It was at this point that the German and Allied philosophies diverged. The German approach to war was entirely pragmatic and flexible. When British and French tanks were encountered during the Battle for France in mid-1940 the German method of engaging the enemy armour was to utilise whatever was to hand, from mortars to field artillery pieces, together with light and heavy FlaK guns, including the 88. The effectiveness of the 88 against heavily armoured British and French tanks was soon appreciated and from then onwards the 88 was regarded as a dual-purpose weapon. But this role change could not have been successfully achieved without the seemingly inherent tactical flexibility of German soldiers and their ready acceptance of new challenges and change. Despite the numerous tales of iron discipline and strict adherence to orders relating to the German soldier, usually promulgated by Allied propaganda, the truth was often very different. German combat personnel, including those of the Luftwaffe, were encouraged to use their personal initiative and improvisation to the full in whatever tactical circumstances they found themselves. Thus if an improvised combat ploy or unusual approach to a tactical situation was demonstrated to be effective, it was often adopted, broadcast and employed until its utility either vanished or could be improved upon.

Thus it was with the hasty deployment of a line of 88s during the Arras fighting in 1940, a deployment that ultimately formalised and drove home the effectiveness of the 88 against tanks. From then onwards the 88 was frequently used in the anti-armour role, despite the shortcomings of the gun for the task. As described elsewhere, the 88 was too high, bulky, heavy and difficult to hide, all important drawbacks for the anti-tank role, but that did not bother the Germans. They simply adopted the fact that firing their 88s against tanks was effective, even at long ranges. Recognising that their other specialised anti-tank guns had become inadequate, details such as weapon handling, concealment and tactical deployment relating to the 88 were worked out and converted into standard operational techniques. Only rarely did the Allies display a similar flexibility of approach towards similar tactical challenges, hence their adherence to utilising their anti-aircraft guns simply as anti-aircraft guns – and nothing else.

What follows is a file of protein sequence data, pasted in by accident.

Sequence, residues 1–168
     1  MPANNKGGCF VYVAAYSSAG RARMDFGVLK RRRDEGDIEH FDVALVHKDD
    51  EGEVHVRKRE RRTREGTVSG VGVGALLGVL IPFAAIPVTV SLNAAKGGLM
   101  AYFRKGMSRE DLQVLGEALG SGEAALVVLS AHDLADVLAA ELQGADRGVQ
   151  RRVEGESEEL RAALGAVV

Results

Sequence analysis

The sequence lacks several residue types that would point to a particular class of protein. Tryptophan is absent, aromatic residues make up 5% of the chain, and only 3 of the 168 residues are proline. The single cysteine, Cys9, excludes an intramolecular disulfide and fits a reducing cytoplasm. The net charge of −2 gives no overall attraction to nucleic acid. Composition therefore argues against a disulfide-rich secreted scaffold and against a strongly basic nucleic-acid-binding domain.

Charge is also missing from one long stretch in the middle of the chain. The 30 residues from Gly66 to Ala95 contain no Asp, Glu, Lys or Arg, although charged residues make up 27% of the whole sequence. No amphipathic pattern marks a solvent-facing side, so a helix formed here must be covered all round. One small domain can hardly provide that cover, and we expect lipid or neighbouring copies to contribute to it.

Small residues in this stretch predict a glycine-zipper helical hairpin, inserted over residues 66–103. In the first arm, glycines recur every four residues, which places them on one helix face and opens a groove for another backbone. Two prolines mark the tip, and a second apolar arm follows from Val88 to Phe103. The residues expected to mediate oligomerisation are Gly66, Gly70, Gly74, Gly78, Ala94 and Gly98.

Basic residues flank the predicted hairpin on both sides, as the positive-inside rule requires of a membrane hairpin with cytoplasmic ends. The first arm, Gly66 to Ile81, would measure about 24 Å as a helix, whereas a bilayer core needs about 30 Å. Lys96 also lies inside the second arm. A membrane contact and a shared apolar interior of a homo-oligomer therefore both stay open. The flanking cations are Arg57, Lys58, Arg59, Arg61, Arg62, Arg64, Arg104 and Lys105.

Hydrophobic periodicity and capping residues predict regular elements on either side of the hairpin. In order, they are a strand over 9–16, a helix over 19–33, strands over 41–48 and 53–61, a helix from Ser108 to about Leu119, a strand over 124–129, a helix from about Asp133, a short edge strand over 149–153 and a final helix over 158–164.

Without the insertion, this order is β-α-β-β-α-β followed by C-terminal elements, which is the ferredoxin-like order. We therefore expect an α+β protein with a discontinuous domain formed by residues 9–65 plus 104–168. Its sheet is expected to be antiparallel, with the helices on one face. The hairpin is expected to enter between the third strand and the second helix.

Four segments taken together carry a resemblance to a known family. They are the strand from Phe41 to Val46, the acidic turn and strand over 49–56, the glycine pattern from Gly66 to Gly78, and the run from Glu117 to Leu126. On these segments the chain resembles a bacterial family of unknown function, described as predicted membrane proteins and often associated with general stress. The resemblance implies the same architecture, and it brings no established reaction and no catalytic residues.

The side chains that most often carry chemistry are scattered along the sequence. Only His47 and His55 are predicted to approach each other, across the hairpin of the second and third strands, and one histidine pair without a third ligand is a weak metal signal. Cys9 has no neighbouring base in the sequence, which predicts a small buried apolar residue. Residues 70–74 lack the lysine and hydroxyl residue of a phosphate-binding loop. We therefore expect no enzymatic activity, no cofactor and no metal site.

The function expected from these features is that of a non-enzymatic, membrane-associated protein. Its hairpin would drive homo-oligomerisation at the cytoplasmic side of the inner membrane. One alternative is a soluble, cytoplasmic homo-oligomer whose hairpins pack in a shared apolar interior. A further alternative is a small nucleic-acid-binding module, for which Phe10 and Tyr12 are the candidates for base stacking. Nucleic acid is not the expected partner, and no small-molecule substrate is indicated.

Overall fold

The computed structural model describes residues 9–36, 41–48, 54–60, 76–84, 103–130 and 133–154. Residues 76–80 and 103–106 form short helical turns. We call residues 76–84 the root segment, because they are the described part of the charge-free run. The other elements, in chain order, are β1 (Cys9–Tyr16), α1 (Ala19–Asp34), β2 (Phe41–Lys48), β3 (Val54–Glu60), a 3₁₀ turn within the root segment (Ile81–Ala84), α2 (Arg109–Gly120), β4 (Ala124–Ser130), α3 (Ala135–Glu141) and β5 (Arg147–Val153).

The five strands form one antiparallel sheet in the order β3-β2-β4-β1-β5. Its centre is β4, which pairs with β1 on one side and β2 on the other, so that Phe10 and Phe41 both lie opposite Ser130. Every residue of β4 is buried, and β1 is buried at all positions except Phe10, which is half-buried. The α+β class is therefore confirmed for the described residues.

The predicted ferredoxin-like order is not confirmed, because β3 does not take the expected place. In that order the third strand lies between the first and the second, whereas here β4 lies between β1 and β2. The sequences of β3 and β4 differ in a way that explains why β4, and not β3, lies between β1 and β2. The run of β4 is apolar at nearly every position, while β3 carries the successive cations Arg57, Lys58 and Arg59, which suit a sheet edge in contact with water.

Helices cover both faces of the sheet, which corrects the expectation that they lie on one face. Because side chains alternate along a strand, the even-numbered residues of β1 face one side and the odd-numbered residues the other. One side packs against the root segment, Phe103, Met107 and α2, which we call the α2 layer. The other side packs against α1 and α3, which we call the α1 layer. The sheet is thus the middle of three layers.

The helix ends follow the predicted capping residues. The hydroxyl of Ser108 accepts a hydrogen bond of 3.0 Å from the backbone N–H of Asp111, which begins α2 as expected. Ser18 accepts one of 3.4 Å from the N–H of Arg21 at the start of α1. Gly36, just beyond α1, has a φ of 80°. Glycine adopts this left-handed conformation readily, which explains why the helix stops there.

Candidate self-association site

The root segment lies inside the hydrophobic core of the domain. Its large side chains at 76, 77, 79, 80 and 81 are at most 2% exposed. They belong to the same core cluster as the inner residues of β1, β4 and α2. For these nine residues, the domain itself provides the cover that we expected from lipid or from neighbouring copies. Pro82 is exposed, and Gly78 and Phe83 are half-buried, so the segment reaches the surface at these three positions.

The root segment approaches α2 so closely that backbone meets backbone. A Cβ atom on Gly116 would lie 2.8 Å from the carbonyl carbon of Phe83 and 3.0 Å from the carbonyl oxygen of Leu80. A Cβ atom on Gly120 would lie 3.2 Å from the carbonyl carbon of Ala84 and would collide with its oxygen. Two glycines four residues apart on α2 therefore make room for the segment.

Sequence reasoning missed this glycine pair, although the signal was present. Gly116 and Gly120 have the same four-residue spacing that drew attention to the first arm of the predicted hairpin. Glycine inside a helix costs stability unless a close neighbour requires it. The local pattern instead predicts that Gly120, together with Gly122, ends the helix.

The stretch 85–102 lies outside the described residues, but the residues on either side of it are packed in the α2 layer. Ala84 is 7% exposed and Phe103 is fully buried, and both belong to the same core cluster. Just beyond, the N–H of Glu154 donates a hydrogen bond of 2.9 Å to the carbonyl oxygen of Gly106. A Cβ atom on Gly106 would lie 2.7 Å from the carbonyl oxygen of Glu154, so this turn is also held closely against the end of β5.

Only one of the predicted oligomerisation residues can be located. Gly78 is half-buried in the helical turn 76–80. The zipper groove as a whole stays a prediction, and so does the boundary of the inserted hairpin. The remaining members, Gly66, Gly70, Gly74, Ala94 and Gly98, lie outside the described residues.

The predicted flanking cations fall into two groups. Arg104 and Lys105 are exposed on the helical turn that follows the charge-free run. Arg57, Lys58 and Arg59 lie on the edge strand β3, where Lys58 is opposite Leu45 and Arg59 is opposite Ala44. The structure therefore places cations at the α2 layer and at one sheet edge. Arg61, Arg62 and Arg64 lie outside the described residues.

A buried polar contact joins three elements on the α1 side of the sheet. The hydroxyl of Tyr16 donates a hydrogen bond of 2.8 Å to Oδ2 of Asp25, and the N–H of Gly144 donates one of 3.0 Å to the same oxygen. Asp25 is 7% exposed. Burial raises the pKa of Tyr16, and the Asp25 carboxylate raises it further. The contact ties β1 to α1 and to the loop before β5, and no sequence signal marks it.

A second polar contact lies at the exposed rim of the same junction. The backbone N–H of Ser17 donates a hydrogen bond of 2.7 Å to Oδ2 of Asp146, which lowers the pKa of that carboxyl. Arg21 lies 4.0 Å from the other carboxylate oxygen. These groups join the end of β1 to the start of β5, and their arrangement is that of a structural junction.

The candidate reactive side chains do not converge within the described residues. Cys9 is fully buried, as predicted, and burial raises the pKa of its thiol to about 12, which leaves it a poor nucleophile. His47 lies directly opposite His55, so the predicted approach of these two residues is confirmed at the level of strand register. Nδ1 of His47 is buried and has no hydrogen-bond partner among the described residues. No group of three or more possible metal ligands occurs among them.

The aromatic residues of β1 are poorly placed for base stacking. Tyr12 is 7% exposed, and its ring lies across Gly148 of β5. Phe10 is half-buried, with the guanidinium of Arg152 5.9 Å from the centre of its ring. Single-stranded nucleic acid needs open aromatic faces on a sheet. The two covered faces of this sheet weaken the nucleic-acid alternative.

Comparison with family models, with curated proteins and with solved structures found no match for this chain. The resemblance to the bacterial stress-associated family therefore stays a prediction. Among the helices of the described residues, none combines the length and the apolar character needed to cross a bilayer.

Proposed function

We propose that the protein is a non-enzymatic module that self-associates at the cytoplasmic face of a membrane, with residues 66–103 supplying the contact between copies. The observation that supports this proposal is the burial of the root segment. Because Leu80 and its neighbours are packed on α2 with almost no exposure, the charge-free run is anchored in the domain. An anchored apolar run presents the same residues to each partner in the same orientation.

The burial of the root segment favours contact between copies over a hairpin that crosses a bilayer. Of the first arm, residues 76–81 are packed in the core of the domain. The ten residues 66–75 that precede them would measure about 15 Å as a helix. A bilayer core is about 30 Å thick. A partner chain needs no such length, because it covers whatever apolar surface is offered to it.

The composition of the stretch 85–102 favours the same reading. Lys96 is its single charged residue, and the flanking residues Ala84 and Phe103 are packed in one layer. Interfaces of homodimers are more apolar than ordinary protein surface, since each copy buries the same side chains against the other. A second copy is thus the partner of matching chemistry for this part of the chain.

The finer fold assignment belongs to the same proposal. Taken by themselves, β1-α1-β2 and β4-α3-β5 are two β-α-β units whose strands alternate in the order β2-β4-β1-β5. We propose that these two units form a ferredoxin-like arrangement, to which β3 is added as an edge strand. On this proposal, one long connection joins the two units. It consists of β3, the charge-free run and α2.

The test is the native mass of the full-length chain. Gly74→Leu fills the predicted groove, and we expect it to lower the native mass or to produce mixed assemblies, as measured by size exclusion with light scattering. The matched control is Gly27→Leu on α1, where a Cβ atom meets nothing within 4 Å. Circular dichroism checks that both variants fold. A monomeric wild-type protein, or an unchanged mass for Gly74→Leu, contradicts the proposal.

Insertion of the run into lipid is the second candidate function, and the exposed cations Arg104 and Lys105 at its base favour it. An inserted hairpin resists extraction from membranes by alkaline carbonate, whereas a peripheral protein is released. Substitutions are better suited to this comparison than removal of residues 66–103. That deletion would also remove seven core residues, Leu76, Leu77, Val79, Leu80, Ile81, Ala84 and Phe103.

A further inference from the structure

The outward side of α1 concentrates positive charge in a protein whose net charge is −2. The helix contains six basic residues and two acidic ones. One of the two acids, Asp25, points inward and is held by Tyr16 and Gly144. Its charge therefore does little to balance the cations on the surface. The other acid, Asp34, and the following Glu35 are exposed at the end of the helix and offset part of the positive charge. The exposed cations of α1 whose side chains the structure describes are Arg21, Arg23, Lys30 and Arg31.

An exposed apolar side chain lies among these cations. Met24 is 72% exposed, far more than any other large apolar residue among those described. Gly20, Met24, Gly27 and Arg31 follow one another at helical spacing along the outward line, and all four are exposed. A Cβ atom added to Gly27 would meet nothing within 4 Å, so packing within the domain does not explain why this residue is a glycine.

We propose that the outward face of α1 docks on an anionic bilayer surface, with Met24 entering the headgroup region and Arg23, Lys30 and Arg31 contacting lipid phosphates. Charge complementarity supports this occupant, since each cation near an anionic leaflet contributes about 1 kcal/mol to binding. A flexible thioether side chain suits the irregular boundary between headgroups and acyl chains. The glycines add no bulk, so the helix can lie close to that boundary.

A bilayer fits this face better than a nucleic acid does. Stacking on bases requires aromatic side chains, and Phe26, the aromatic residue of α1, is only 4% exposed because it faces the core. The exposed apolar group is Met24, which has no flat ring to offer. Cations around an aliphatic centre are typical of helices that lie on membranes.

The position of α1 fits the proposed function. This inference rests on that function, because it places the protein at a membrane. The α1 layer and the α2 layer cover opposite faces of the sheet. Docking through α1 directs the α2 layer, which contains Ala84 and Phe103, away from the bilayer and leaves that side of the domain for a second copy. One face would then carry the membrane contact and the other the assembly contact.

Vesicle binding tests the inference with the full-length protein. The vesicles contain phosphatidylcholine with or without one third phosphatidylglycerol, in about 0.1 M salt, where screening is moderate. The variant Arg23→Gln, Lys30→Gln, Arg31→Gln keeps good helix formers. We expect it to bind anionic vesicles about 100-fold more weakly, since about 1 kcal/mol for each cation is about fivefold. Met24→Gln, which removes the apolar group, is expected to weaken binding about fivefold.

At one stage during 1941 the British in North Africa did indeed follow a path similar to the German adoption of the anti-armour 88 but it was with their 25-pounder gun-howitzers. These field pieces were pressed into the anti-tank role in North Africa for the same reason that the Germans turned to their 88. The standard British anti-tank gun, the 2-pounder with a calibre of 40mm, had demonstrated that it was virtually useless against the latest generation of tanks. As there was apparently nothing else to hand, according to the contemporary way of thinking, the 25-pounder had to assume a role for which it had never been intended. The 3.7in anti-aircraft guns guarding the Suez Canal and other rear areas were not even considered as potential anti-tank weapons.

While the 25-pounder may have had a calibre almost identical to that of the German 88 (namely 87.6mm), being a gun-howitzer it had a much lower maximum muzzle velocity (only 518m/s) and had to rely on firing high-explosive projectiles only until a solid-shot, armour-piercing equivalent could be hurriedly developed and issued.

There was also the problem of range. Tank targets had to approach to ranges of less than 900m for the British (and Commonwealth) gunners to be sure of a hit and significant resultant damage. Gunners therefore had to stand their ground until their targets came into effective range which, in the open deserts of North Africa, exposed them to hostile long-range tank-gun and machine-gun fire, usually resulting in guns and their crews being knocked out of action before they could usefully open fire. In addition the 25-pounder’s times in and out of action were dangerously long and not helped by the prime mover, the lightly armoured Quad tractor, being notoriously prone to catching fire when hit. During 1941 casualties among guns and gunners were horrendous but the crews persisted in their anti-armour role for if a 25-pounder (11.34kg) high-explosive projectile did strike a tank the results could be devastating. One saving grace for the 25-pounders was the circular firing platform that formed one of the main design features of the piece. Once the carriage wheels were on the platform one member of the gun crew could lift the trail and introduce rapid traverse movements of up to 360° with ease, enabling the barrels to be pointed towards new targets within seconds. The ordeals of the 25-pounder crews lasted into 1942 before the replacement for the 2-pounder, namely the 6-pounder anti-tank gun, arrived in sufficient numbers to allow the 25-pounders to reassume their primary role.